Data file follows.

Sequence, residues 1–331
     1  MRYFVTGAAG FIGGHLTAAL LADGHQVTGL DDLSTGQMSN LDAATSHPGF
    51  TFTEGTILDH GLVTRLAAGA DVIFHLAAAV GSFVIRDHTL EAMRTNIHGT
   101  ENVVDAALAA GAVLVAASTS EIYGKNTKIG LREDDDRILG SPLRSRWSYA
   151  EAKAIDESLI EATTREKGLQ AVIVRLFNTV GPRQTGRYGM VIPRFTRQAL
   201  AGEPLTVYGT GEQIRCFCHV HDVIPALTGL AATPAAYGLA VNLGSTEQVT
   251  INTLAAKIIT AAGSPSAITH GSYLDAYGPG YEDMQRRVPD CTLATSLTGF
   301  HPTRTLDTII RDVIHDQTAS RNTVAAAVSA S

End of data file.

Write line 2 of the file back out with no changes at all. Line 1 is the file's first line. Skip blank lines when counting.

     1  MRYFVTGAAG FIGGHLTAAL LADGHQVTGL DDLSTGQMSN LDAATSHPGF